A federal jury on Wednesday acquitted two former medical-device company executives on more than a dozen felony counts of fraud related to off-label marketing but convicted them of 10 misdemeanor counts on the same issue.
The mixed verdict came less than a year after U.S. Deputy Attorney Sally Quillian Yates issued a memo indicating that the Justice Department was committed to holding individuals, not just companies, accountable for corporate misconduct. It's the second recent case in which healthcare executives escaped serious consequences for alleged corporate misconduct.
The Boston jury convicted former Acclarent CEO William Facteau and former Acclarent Vice President of Sales Patrick Fabian of 10 counts of introducing adulterated and misbranded medical devices into interstate commerce Wednesday, according to the U.S. Attorney's Office for the District of Massachusetts. The trial lasted six weeks.
Fabian's attorney, Frank Libby, praised the jury's acquittal Wednesday.
“After a five-year investigation and six-week trial, the jury flatly rejected the government's core fraud and conspiracy theories and what was left are these misdemeanor counts, which required no finding of criminal intent,” said Libby, with the law firm LibbyHoopes in Boston.
He added that the misdemeanor convictions will face serious scrutiny during post-trial motions and in appeals court, if need be. Libby said healthcare industry leaders should be concerned about those misdemeanor convictions.
“They should be following this with some care and concern, frankly because the government doesn't have to show wrongful intent, doesn't even have to show the executive was even aware of the conduct in order to pin a misdemeanor conviction on them,” Libby said.
Libby said the indictment against his client predated the Yates memo, but was in line with the Department of Justice's increased efforts to go after individual executives.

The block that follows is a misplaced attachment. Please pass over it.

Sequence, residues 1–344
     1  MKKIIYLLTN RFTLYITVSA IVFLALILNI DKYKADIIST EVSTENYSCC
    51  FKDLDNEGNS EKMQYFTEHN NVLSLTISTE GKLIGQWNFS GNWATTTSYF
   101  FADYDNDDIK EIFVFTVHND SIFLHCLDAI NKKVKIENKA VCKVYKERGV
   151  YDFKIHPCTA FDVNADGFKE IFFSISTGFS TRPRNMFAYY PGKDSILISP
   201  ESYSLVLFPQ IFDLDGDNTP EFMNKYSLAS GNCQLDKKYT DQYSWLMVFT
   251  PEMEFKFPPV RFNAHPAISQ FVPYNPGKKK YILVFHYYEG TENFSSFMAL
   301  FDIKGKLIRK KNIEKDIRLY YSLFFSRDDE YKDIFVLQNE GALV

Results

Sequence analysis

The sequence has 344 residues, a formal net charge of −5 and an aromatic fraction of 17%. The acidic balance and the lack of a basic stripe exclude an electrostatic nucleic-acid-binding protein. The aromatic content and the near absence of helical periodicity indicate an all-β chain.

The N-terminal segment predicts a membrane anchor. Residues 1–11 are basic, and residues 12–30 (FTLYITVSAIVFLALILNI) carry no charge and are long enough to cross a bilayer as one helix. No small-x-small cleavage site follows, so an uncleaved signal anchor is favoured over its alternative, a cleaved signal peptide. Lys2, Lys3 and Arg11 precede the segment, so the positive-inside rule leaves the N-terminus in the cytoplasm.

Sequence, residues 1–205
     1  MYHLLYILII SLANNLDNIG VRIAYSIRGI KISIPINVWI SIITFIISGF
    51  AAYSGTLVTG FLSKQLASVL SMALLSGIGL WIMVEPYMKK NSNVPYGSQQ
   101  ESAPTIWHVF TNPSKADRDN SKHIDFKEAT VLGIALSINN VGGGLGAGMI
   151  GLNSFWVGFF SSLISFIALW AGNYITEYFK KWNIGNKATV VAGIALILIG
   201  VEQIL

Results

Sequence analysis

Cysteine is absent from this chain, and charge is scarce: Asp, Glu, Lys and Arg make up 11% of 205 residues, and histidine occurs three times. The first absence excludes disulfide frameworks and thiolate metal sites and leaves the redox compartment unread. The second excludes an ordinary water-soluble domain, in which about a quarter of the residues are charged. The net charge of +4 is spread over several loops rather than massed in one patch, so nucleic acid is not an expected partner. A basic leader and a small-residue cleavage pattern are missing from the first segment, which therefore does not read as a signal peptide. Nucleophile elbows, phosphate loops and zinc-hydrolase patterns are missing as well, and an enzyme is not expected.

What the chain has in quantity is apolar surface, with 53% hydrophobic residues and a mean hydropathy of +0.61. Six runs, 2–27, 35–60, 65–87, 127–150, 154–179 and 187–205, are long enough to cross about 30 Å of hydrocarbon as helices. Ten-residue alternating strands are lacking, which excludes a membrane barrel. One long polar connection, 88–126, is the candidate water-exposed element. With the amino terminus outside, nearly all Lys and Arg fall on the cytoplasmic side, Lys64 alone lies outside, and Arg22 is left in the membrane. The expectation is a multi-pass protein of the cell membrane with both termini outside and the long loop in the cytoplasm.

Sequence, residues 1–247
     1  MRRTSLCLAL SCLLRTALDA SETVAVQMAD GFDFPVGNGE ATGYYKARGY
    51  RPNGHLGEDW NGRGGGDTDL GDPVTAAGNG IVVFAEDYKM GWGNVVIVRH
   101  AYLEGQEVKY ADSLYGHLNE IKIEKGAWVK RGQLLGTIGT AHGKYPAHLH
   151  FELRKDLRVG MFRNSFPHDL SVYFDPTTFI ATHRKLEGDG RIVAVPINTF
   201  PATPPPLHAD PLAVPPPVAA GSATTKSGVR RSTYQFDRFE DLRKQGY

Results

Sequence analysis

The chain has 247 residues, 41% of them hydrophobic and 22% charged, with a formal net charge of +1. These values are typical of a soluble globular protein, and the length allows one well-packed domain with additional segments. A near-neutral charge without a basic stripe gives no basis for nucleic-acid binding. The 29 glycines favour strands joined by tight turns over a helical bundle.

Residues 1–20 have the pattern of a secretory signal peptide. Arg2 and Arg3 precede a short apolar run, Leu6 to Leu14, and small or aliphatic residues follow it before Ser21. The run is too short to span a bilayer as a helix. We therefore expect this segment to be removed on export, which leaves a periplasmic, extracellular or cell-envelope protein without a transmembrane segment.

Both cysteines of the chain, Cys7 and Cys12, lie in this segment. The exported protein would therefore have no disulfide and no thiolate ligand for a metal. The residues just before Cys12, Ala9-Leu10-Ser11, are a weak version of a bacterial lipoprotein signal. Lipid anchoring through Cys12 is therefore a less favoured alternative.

An attempt to reach Facteau's lawyers was not immediately successful Wednesday afternoon.
The jury found that the pair caused the illegal distribution of a medical device known as the Relieva Stratus Microflow Spacer for uses not approved by the Food and Drug Administration. The company told the FDA that the device was meant to maintain an opening to a patient's sinus, but then released the product to be used as a steroid delivery device, according to the U.S. Attorney's Office.
The scheme was part of Facteau and Fabian's strategy to rapidly develop and market products to create a projected revenue stream that would make Acclarent attractive to potential buyers or investors during an initial public offering, according to the U.S. Attorney's Office. Johnson & Johnson subsidiary Ethicon bought Acclarent in 2010.
The maximum penalty for each count of violating the Food, Drug and Cosmetics Act is a year in prison, a year of supervised release and a fine of $100,000 or twice the money made or lost.
The verdict Wednesday followed another recent jury verdict in a case against the former president of drug company Warner Chilcott. In June, a federal jury, also in Boston, found W. Carl Reichel not guilty of conspiring with members of Warner Chilcott's sales force to pay kickbacks to doctors in exchange for writing prescriptions. In that case, the government had alleged that Reichel urged sales people to take doctors out to so-called medical education dinners that were actually social events and pay doctors to speak if they prescribed the company's drugs.
As a company, Warner Chilcott agreed in October to plead guilty to healthcare fraud and pay the government $125 million to settle civil and criminal allegations.